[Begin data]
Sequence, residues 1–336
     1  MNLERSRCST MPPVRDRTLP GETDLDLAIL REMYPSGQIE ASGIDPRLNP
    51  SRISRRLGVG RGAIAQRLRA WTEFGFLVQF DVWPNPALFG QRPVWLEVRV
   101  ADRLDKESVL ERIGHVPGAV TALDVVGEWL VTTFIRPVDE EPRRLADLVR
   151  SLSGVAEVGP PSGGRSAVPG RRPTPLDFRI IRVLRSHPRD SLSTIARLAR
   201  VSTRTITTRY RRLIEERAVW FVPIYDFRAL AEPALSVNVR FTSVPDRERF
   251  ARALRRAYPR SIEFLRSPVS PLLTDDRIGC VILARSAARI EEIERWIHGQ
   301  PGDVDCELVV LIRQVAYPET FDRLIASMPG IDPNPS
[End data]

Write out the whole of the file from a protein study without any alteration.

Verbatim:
Sequence, residues 1–336
     1  MNLERSRCST MPPVRDRTLP GETDLDLAIL REMYPSGQIE ASGIDPRLNP
    51  SRISRRLGVG RGAIAQRLRA WTEFGFLVQF DVWPNPALFG QRPVWLEVRV
   101  ADRLDKESVL ERIGHVPGAV TALDVVGEWL VTTFIRPVDE EPRRLADLVR
   151  SLSGVAEVGP PSGGRSAVPG RRPTPLDFRI IRVLRSHPRD SLSTIARLAR
   201  VSTRTITTRY RRLIEERAVW FVPIYDFRAL AEPALSVNVR FTSVPDRERF
   251  ARALRRAYPR SIEFLRSPVS PLLTDDRIGC VILARSAARI EEIERWIHGQ
   301  PGDVDCELVV LIRQVAYPET FDRLIASMPG IDPNPS